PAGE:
Angola is expected to formally announce the end of President Jose Eduardo Dos Santos’ controversial 37-year rule Saturday, and name a successor to lead the ailing African oil-producing country.
News of the veteran leader’s impending retirement, announced on state radio on December 2, has made front page news in Angolan newspapers all week.
But the ruling Popular Movement for the Liberation of Angola (MPLA), in power since 1975, has officially remained silent on the matter.
On Saturday, on the 60th anniversary of its founding, the party is expected to confirm that Dos Santos, 74, will not seek another term as president in the 2017 party elections.
It will also likely announce that he will be succeeded as head of the party by his current defence minister, Joao Lourenco, 62.
Angola does not directly elect a president, but rather the leader of the winning party automatically becomes head of state.
In all likelihood, the retired general Lourenco will succeed Dos Santos -? one of the longest ruling leaders in Africa -? after the party elections next August.
The departure, announced in a closed-door meeting of the MPLA’s central committee last week, does not come as a complete surprise.
Dos Santos himself announced in March his intention to end his political career.
“President Dos Santos had been planning to step down in 2018,” said Alex Vines, Africa program director at the British think tank Chatham House.
“But I think a combination of Angola’s economic conditions and less good health brought his plans forward.”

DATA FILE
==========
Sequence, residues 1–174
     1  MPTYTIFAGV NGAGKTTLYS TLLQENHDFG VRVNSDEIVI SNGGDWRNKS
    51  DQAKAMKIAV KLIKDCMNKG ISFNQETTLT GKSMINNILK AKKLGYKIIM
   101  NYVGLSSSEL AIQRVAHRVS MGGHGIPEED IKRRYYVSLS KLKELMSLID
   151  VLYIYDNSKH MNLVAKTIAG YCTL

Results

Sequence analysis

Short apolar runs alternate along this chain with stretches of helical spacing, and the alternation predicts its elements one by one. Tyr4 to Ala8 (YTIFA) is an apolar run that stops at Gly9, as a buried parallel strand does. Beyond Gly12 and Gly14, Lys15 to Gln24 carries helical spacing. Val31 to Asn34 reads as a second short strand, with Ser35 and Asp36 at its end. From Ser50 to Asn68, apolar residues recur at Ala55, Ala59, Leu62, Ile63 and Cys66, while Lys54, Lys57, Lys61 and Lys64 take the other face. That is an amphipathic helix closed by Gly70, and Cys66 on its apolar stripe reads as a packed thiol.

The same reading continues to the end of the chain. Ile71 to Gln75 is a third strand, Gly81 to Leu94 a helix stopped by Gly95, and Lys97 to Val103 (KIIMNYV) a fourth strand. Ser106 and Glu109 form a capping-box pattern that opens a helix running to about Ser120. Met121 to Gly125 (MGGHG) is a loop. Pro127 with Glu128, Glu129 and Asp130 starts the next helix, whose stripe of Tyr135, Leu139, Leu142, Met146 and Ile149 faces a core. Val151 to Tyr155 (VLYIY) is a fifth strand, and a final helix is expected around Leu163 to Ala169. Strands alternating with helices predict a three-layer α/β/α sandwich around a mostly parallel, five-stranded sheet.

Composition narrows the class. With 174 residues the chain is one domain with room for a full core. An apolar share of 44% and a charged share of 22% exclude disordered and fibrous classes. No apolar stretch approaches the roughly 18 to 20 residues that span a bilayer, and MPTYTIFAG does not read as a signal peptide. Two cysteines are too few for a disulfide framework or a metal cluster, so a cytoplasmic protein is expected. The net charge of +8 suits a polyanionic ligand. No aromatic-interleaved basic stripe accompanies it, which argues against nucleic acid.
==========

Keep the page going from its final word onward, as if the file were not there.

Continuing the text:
After years of spectacular growth thanks to an oil boom, like many crude-producing nations Angola has suffered a sudden downturn in the last two years due to a prolonged drop in oil prices.
Last week, national oil company Sonangol, managed by Dos Santos’ daughter Isabel, announced it would not be paying out dividends to the state this year -? a first for the country’s main source of foreign currency.
– ‘Nothing will change’ –
While it will be a new page in the history of Angola, the departure of the former Marxist guerrilla fighter is unlikely to shake up the running of the country.
This is to the chagrin of critics who have been denouncing Dos Santos’ “dictatorship” for years.
“Nothing will change with people who, when they could have, didn’t dare ?- whether out of fear or self-interest -? to make a difference,” said journalist William Tonnet, a critic of Dos Santos.
Expected successor Lourenco is an ex-artillery general who was trained in the former Soviet Union. He is seen as a true son of his party, as is interior minister Bornito de Sousa, who is expected to become his deputy.
“These are two apparatchiks, two pure products of the party who remain under its control,” said Benjamin Auge of the French Institute of International Relations.
“The room to manoeuvre will be extremely limited. They will defend the president’s record, without starting a revolution.”
However, Angola-watchers notice both men do not have ties to the oil industry, a sector considered to be closely guarded by the president’s family.
“Joao Lourenco is one of those rare leaders in the MPLA who hasn’t dirtied his hands in this corruption business,” said activist Nuno Alvaro Dala, who was recently convicted and then pardoned for an alleged coup attempt.
Some have suggested that Dos Santos’s retirement was purposefully instigated by a hostile faction within the MPLA.
The announcement could be “the expression of discontent within the party, particularly over the position of the president’s children,” said Didier Peclard, a professor at the University of Geneva.
“If that were the case, then hypothetically it could be a way of precipitating a transition.”
Award-winning journalist and writer Rafael Marques refuses to believe this, and disputes the idea of a more palatable faction within the inner circle of the MPLA.
“Angolans will move from one dictator to the next,” he said. “Change is not coming tomorrow.”